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Buddhist monks perform mask dance in Rumtek monastery
By Tashi Pradhan, ANI, Jan 9, 2009
Sikkim, India -- It looked a virtual riot of colours at Rumtek Monastery, 26 kilometers from the state capital Gangtok, recently when many masked Buddhist monks performed a special dance before visitors from within India and abroad.
Kagyad Chaam is the unique, colourful mask dance of monasteries in Sikkim, has been presented to the world as an insight into the religious tradition of the hill state.
Chaam, performed by the monks of the monastery is an important event on the annual religious calendar of the village.
Through these mask dances, teachings of Lord Buddha and other religious values are presented to people, evil spirits and misfortunes are warded off and a new year is ushered in.
These masks are usually that of various animals and deities, with whom, as per the local people here, one meets after death. The masks not only enthrall the locals but even the foreign tourists who are the practitioners of Buddhism and find seeing the dance as a blessing.
"This is the first time I am seeing these dances. It is really good and moving. There is a lot of power in it that transforms it to even the audience, which is quite fascinating," said Philip, a tourist from England.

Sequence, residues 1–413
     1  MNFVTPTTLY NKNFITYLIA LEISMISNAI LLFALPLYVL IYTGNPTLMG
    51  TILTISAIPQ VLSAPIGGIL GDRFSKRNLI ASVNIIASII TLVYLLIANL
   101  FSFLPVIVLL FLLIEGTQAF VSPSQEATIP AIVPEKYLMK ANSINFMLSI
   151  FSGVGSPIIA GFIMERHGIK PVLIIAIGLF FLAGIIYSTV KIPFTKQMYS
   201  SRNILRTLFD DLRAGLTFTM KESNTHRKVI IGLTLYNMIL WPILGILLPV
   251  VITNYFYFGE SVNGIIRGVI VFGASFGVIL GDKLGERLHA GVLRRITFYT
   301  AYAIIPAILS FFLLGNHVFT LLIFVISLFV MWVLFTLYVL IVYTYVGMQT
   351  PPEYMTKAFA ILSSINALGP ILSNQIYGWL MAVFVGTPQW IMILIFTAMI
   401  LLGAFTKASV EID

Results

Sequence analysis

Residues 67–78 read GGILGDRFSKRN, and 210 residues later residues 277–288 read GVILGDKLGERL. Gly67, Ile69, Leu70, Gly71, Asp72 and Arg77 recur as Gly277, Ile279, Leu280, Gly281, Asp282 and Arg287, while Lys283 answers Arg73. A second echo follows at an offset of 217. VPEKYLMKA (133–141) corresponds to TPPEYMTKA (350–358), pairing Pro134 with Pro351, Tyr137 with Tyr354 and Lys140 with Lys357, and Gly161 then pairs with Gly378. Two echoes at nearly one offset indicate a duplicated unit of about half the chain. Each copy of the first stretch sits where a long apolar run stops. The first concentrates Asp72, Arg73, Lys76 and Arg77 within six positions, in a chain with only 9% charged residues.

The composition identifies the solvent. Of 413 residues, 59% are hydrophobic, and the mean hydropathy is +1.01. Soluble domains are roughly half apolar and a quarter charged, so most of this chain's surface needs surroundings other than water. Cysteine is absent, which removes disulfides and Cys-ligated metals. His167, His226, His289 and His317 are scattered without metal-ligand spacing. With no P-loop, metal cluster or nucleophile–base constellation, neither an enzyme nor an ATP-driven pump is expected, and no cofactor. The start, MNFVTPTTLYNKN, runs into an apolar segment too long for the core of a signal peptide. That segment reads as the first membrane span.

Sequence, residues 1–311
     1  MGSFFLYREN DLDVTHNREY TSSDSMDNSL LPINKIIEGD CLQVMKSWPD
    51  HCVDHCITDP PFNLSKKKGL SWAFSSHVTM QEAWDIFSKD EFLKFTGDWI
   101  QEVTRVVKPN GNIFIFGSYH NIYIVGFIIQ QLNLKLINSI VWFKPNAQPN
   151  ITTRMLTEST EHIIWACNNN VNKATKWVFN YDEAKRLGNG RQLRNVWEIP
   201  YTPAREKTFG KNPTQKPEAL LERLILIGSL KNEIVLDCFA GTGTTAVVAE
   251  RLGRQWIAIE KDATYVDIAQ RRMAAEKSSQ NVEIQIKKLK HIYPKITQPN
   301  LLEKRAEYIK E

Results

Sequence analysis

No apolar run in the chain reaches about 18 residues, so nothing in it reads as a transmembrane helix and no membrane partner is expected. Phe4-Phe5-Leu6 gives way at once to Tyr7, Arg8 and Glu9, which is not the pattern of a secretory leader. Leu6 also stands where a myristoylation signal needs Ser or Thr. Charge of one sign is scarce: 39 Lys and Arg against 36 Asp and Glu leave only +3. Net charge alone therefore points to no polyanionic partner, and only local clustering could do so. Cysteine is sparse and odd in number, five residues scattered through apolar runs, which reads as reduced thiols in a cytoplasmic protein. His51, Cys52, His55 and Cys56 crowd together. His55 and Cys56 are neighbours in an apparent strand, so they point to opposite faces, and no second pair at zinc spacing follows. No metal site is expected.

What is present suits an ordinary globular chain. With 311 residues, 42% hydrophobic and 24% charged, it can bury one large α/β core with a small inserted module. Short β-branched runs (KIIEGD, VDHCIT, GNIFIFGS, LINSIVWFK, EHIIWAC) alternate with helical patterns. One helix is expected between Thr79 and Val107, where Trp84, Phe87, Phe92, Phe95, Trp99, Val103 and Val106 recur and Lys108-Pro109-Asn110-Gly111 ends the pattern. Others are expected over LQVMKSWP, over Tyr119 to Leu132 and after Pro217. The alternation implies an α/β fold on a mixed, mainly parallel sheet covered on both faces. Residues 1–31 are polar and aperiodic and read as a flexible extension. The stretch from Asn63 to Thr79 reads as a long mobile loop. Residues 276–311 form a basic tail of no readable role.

Performed by the lamas in the 'Gompa' (monastery) courtyard to celebrate religious festivals, these dances demonstrate perfect footwork and grace.
Costumed lamas with gaily painted masks, ceremonial swords and sparkling jewels jump and sway to the rhythm of echoing drums, trumpeting horns and chanting of monks.
"Buddhism is coming to European countries as well but still India is the natural place for it.
I appreciate this place very much because I have travelled around the main places of Buddhists last month and noted that they have modern facets of Buddhism, like we don't use much of rituals and colorful costumes as we can see here. But still the meaning of Buddhism stands the same," said Edwin, a Russian tourist.
This dance is performed symbolizing the destruction of the evil forces and hoping for peace and prosperity to flourish in every house of Sikkim.
The solemn nature of the dance is interspersed with comic relief provided by the jesters. Kagyed dances enact various themes from the Buddhist mythology and culminate with the burning of effigies made of flour, wood and paper.
With a total of about 250 monasteries, the culture of Sikkim is closely linked to Tibetan Buddhism.
Sikkim is also the seat of 17th Karmapa Lama Ugyen Thrinley Dorje, the only senior monk to be recognised by both China and the Dalai Lama.